A report prepared by staff at the city's Planning Department raises concerns about a bill aimed at increasing housing near public transit, despite multiple proposed amendments by sponsor State Senator Scott Weiner.
The proposed law would allow developers to propose taller and denser buildings near transit stops as long as structures comply with other local zoning ordinances.
Weiner’s March 1st amendments include requirements for project sponsors to offer relocation assistance and the right of first return to displaced residents and allows municipalities to enforce existing affordability requirements.
As amended, SB 827 lets local governments decide whether to allow rent-controlled units to be demolished to make way for developments that are eligible for the transit-rich housing bonus.
In fact, SF Planning expects SB 827 to create more affordable housing in San Francisco when compared to projections under the HOME-SF program implemented last year, “because more and larger buildings would be developed under SB 827.”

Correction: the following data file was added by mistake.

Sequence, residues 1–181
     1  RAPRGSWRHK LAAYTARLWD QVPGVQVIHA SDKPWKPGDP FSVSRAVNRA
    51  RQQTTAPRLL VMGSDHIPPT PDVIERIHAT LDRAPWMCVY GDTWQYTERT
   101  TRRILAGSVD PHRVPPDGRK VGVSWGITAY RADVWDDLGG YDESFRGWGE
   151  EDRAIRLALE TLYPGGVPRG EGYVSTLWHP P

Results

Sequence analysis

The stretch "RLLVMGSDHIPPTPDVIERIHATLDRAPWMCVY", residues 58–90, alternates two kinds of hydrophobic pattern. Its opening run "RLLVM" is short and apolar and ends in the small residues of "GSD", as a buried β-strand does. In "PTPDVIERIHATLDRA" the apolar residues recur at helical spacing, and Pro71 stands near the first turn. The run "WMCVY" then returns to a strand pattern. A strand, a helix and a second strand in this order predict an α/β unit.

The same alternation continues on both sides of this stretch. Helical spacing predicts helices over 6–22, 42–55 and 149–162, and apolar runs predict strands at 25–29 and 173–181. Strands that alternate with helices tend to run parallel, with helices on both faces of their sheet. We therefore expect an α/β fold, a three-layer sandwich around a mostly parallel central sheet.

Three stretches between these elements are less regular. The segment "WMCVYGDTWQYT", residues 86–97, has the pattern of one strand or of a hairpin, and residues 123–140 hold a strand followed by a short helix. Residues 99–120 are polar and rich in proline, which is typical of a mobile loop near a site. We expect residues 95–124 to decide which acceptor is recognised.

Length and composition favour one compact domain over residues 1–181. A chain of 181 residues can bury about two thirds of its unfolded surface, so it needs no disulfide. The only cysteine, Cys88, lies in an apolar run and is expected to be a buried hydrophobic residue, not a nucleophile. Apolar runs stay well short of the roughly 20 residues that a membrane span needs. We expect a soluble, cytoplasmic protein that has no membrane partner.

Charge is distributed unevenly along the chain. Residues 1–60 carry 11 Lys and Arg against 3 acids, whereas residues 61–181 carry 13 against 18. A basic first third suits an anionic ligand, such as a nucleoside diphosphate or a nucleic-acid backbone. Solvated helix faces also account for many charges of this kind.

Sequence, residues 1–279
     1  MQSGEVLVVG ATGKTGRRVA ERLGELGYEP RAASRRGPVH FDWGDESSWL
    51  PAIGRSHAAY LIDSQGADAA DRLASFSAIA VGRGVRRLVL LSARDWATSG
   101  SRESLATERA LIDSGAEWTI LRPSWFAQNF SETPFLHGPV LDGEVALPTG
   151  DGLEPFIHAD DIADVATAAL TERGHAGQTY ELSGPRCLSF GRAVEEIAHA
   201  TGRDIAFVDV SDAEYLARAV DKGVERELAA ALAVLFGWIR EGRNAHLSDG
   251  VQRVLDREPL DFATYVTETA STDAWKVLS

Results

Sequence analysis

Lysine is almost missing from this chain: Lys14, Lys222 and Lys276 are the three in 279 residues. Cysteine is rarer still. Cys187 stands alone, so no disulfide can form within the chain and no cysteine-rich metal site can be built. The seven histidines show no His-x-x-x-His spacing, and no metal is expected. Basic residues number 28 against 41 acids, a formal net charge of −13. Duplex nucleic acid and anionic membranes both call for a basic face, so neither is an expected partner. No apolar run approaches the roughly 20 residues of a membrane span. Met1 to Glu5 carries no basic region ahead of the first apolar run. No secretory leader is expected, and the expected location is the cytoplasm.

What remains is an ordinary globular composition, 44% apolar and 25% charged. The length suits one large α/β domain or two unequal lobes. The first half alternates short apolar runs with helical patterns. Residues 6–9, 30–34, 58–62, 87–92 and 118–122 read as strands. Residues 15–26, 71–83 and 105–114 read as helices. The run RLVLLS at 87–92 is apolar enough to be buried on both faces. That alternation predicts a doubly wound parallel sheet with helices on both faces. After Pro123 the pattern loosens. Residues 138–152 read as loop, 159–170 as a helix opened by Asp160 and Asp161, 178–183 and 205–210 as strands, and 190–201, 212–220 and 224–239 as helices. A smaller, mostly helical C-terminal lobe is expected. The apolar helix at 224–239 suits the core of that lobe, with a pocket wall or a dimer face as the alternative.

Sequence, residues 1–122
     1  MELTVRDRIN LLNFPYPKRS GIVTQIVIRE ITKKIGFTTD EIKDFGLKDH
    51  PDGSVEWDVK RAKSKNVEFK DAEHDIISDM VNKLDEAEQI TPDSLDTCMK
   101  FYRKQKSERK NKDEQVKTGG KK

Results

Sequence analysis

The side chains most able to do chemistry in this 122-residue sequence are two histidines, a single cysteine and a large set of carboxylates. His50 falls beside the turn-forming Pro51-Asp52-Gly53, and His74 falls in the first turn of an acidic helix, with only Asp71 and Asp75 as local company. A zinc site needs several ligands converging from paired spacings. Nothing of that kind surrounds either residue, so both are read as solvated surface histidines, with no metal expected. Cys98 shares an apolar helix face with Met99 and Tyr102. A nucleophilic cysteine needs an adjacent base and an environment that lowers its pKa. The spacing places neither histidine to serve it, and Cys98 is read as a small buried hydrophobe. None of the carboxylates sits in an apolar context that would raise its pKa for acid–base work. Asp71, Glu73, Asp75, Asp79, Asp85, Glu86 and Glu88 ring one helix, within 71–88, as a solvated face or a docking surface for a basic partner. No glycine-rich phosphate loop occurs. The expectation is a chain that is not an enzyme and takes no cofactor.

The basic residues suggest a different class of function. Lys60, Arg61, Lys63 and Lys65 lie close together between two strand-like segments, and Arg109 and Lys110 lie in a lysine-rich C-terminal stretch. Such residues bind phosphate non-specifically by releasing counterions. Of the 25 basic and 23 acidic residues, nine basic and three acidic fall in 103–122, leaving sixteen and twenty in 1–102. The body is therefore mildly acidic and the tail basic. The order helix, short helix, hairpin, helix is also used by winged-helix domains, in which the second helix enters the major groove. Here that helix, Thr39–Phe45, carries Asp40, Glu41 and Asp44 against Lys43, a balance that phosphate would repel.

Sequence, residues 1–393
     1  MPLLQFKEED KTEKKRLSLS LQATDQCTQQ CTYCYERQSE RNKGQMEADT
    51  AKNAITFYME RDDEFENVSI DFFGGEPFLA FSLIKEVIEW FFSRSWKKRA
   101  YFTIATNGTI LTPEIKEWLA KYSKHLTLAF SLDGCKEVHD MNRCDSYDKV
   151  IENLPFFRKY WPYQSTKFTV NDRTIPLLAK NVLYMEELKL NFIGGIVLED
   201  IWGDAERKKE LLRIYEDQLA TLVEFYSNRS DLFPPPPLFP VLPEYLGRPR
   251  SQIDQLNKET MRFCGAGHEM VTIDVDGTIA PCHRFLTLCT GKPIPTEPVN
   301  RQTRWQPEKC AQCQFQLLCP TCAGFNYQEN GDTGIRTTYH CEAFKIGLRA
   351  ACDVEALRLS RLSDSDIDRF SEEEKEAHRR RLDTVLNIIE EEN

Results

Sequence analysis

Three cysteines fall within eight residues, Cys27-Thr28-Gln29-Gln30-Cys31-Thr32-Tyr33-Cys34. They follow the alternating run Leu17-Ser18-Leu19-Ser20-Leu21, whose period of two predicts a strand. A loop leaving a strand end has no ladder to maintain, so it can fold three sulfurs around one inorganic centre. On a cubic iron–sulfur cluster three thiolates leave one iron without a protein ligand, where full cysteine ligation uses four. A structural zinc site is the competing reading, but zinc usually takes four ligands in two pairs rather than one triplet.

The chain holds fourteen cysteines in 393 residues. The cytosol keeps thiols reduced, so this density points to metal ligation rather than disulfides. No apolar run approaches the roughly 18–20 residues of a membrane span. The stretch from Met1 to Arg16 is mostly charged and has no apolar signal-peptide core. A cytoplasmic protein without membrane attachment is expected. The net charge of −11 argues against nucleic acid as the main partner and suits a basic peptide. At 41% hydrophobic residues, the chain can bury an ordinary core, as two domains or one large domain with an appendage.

San Francisco’s affordable housing requirements only apply to buildings over nine units, and SF Planning expects most developments taking advantage of the transit-rich housing bonus would have 10 or more units.
SF Planning remains concerned that tying development to existing transit corridors could create future difficulties, as “bus routes can change over time, as well as increase or decrease service levels.”
Additionally, budgets, ridership levels, travel patterns and agency strategies change, concluded staffers.
SB 827 is still in the very early stages of the legislative cycle; the first Senate committee hearing on the bill is expected to occur in early April. There will be many more amendments to come, Weiner spokesman Jeff Cretan told us.
The Land Use Committee of the Board of Supervisors on March 12th amended District 3 Supervisor Aaron Peskin’s resolution that initially opposed SB 827. The version passed by committee urges further amendments to the bill to “protect San Francisco’s sovereign charter authority.”
“Local planning laws and regulations have proven critical and effective in protecting vulnerable communities of concern from the escalating impacts of gentrification, displacement, and speculation,” according to the resolution expected to be considered by the full Board next month.
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